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Google's Podcast play - what it means to radio

personBy James Cridland for media.info
access_timePosted 3 November 2015, 7.01pm est

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So, Google Play Music is to add podcasts shortly to its lineup, and is now asking podcasters to add their shows into their new catalogue. But what does this mean to radio?

Android is massive

Let's start by pointing out the raw numbers, which may surprise the iOS-toting executive. For every Apple iPhone sold in Q2 2015, six Android phones were sold. Six.

Some of those are sold in China, which aren't "real" Android - at least, don't have the Google services in them that Google Play Music will rely on to run. Typically (but not always), Android devices are cheaper with less memory and are connected to mobile data plans which are less generous than those for iOS. iOS users are more likely to be white collar workers (in an office with free wifi) rather than Android workers; which means less media consumption. Taken as a whole, Android owners are considerably less likely to install new apps, and certainly less likely to pay for them. But: six times as large.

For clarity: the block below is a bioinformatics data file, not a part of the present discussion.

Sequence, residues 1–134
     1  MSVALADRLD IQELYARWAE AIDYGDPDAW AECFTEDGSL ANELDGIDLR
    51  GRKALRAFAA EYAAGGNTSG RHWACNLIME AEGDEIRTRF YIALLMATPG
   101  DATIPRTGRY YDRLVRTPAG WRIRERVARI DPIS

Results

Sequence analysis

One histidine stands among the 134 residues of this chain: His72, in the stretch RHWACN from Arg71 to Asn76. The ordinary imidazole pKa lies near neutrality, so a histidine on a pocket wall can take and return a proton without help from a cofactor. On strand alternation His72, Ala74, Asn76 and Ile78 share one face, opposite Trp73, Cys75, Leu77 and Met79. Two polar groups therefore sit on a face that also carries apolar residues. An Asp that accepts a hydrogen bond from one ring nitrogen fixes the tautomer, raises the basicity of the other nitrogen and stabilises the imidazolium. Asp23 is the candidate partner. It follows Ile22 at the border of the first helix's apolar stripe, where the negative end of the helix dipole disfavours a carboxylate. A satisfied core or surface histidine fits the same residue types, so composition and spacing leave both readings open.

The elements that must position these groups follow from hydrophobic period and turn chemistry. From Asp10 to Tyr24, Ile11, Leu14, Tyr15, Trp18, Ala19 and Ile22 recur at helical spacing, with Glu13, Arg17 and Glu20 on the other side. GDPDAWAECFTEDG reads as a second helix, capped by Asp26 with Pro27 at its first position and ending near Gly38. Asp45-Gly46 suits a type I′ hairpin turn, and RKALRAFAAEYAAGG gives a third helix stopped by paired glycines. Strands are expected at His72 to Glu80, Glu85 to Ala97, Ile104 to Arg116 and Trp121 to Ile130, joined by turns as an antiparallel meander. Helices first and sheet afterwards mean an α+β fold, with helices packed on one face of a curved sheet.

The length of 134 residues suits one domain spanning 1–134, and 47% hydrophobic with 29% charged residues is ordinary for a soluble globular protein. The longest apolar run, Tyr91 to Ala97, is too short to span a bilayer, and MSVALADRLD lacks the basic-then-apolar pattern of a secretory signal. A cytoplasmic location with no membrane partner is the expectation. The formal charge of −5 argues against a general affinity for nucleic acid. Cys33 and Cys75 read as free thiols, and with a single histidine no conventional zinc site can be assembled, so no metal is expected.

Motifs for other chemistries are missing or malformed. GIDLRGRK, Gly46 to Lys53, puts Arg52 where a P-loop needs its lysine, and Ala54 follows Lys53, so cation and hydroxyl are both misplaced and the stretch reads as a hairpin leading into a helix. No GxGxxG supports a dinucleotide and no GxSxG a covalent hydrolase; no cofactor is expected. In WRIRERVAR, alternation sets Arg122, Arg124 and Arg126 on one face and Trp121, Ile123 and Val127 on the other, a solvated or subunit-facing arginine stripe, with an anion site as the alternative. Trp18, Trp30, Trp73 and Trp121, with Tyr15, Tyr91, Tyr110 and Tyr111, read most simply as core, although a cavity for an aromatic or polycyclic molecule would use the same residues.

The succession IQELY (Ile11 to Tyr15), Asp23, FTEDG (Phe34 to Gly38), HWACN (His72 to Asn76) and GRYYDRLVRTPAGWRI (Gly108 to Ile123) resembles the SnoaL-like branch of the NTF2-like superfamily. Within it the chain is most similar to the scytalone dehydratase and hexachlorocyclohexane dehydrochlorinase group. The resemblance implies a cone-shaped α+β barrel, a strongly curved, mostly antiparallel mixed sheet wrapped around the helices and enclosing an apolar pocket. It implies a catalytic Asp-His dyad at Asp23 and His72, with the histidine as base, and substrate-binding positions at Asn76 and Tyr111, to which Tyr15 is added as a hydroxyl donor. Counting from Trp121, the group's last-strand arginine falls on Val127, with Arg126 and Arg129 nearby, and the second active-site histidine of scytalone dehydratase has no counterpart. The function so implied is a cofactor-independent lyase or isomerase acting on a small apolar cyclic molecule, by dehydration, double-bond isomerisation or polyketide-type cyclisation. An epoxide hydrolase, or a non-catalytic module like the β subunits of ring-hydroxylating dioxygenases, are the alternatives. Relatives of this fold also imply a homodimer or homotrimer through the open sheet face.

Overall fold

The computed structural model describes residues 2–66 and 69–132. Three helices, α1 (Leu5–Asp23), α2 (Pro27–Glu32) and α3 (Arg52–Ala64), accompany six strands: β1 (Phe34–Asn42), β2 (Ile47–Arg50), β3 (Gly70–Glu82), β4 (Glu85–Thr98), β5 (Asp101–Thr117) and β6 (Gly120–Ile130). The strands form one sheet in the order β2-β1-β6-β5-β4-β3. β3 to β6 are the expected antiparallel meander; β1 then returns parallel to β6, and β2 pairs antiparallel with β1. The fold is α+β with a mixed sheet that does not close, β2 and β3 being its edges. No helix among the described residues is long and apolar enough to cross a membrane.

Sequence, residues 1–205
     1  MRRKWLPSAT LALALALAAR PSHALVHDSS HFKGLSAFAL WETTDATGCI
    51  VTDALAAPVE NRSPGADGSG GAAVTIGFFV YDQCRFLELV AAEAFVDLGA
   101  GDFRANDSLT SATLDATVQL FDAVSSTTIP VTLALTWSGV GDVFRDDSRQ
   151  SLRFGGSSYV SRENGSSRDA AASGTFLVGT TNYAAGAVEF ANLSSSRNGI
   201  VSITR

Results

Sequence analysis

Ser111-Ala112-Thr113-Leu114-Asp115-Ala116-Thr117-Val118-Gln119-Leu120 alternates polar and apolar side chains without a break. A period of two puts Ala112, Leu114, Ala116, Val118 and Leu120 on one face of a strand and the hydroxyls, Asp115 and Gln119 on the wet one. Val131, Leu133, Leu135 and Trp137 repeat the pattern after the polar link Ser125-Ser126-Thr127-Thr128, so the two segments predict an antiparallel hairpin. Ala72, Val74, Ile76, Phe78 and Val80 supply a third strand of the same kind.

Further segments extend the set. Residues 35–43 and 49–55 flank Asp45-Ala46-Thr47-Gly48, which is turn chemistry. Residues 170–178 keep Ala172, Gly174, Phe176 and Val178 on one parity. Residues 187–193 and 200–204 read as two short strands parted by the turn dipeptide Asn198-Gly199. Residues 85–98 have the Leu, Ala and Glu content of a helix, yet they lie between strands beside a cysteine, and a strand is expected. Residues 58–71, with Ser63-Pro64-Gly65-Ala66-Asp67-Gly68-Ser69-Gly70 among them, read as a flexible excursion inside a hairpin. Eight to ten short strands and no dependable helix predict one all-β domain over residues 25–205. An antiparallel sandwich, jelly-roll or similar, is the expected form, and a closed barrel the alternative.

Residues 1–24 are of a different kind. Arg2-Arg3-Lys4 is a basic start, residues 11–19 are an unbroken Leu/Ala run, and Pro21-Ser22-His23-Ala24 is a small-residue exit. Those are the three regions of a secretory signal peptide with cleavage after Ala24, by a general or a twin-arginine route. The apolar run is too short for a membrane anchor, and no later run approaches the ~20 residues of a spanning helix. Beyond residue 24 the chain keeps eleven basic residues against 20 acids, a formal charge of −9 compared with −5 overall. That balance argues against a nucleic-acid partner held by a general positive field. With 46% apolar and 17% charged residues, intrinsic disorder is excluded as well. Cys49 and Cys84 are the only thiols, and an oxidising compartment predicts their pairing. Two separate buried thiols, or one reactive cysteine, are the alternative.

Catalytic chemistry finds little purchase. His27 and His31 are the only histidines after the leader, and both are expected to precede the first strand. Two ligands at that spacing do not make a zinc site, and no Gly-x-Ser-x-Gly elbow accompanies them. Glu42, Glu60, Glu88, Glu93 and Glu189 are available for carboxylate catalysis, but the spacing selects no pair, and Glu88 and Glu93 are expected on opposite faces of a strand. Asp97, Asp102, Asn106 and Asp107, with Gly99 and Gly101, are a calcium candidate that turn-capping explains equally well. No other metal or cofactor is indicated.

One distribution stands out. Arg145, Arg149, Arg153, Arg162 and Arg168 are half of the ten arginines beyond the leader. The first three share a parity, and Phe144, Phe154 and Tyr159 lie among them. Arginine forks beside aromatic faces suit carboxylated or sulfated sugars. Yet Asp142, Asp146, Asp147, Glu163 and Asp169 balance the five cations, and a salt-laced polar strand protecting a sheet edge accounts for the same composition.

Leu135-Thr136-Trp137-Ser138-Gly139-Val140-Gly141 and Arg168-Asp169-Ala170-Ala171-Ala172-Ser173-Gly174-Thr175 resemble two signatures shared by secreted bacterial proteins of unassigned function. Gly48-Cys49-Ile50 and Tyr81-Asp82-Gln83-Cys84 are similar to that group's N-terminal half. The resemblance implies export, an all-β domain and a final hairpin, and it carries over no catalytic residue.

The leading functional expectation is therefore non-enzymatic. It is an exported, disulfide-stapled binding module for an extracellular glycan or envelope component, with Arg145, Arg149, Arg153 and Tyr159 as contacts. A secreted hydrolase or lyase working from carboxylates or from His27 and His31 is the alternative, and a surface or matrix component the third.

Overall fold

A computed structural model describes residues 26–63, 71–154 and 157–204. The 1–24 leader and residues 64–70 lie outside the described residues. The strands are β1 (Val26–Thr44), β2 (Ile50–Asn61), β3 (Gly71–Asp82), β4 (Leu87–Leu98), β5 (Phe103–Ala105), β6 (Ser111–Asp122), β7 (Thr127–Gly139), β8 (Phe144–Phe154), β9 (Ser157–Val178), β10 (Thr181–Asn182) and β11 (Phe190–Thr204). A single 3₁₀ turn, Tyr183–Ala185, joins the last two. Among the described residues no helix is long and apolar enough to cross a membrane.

To have podcasts as an integral part of the Android ecosystem is clearly a big deal for podcasting in general. Yes, you can find and use some excellent podcast catchers - player.fm, Pocketcasts, and many more. But clearly, a pre-installed app has excellent first-mover advantage. Because...

Google Play Music is installed on every new Android phone

Google Play Music is a required app on Android phones: under Google's Mobile Application Distribution Agreement, it's one of the 13 'must install' apps on anything that calls itself Android. That means that, unlike other podcasting apps, Google Play Music will be installed on everyone's device. That gives significant opportunities over other podcasting apps, which need a download from the Google Play Store.

It isn't just Android though

Google Play Music is also on Sonos, and works flawlessly with Google's Chromecast dongle to work on TVs and hifis. Chromecast Audio is being built-in to new speaker systems, too. Google Play Music also works great with Android Auto, Google's in-car dashboard system.